Here we have a base path /calendar with the opportunity to hit three child URLs, /all to view all calendar entries as a list, /new to create a new calendar entry and a unique /:id which can accept unique hashes to correspond with user data on the backend. Now, we can add some page title information under a data Object:

const routes: Routes = [{
  path: 'calendar',
  component: CalendarComponent,
  children: [
    { path: '', redirectTo: 'new', pathMatch: 'full' },
    { path: 'all', component: CalendarListComponent, data: { title: 'My Calendar' } },
    { path: 'new', component: CalendarEventComponent, data: { title: 'New Calendar Entry' } },
    { path: ':id', component: CalendarEventComponent, data: { title: 'Calendar Entry' } }
  ]
}];

That’s it. Now back to our component!

Routing events

The Angular router is great for setting up basics, but it’s also extremely powerful in supporting routing events, through Observables.

Note: we’re using the AppComponent because it’s the root component, therefore will always be subscribing to all route changes.

To subscribe to the router’s events, we can do this:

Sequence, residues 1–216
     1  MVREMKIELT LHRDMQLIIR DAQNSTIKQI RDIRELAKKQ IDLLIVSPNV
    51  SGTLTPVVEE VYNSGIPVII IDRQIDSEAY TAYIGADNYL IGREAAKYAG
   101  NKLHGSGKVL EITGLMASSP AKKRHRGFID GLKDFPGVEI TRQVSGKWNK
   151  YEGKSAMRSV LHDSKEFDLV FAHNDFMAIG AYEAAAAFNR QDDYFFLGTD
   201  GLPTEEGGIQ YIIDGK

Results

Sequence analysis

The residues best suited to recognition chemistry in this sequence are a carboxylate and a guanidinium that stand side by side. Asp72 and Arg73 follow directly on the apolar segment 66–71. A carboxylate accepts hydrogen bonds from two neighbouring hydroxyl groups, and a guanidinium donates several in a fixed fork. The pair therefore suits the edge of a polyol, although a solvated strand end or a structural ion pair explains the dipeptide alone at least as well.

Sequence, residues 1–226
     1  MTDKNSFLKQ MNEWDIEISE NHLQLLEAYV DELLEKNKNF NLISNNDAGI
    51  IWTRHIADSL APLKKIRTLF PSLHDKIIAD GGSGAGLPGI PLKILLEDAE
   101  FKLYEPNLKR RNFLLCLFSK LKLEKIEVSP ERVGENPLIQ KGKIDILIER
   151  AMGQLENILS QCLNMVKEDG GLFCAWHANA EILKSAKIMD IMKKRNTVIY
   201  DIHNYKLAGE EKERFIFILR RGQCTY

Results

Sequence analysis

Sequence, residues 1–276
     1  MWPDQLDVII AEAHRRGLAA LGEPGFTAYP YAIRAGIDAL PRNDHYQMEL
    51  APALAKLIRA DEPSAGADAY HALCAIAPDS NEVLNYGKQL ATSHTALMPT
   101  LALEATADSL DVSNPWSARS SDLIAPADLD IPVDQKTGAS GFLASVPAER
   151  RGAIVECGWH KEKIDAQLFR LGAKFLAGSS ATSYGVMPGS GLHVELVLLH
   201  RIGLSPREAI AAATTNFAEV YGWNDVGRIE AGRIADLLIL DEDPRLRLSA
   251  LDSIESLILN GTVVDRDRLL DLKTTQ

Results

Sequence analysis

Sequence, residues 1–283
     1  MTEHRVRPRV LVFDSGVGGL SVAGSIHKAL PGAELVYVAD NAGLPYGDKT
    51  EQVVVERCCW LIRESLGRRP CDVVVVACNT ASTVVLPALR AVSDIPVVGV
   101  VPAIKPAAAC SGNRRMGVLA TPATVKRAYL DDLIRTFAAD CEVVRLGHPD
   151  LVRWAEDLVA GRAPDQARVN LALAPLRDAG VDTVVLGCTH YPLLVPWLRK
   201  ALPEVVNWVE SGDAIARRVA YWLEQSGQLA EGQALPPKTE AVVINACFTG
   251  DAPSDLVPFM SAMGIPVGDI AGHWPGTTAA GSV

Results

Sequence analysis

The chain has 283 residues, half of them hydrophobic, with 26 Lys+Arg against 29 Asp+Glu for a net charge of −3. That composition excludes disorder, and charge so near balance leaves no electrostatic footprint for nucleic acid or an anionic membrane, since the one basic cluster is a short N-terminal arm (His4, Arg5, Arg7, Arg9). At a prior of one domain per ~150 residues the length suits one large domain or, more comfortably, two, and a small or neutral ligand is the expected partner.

ngOnInit() {
  this.router.events
    .subscribe((event) => {
      // example: NavigationStart, RoutesRecognized, NavigationEnd
      console.log(event);
    });
}

The way that we can check which events are the ones we need, ideally NavigationEnd, we can do this:

this.router.events
  .subscribe((event) => {
    if (event instanceof NavigationEnd) {
      console.log('NavigationEnd:', event);
    }
  });

This is a fine approach, but because the Angular router is reactive, we’ll implement more logic using RxJS, let’s import:

import 'rxjs/add/operator/filter';
import 'rxjs/add/operator/map';
import 'rxjs/add/operator/mergeMap';

Now we’ve added filter, map and mergeMap to our router Observable, we can filter out any events that aren’t NavigationEnd and continue the stream if so:

this.router.events
  .filter((event) => event instanceof NavigationEnd)
  .subscribe((event) => {
    console.log('NavigationEnd:', event);
  });

Secondly, because we’ve injected the Router class, we can access the routerState:

this.router.events
  .filter((event) => event instanceof NavigationEnd)
  .map(() => this.router.routerState.root)
  .subscribe((event) => {
    console.log('NavigationEnd:', event);
  });

However, as a perhaps better alternative to accessing the routerState.root directly, we can inject the ActivatedRoute into the class:

import { Router, NavigationEnd, ActivatedRoute } from '@angular/router';

@Component({...})
export class AppComponent implements OnInit {
  constructor(
    private router: Router,
    private activatedRoute: ActivatedRoute,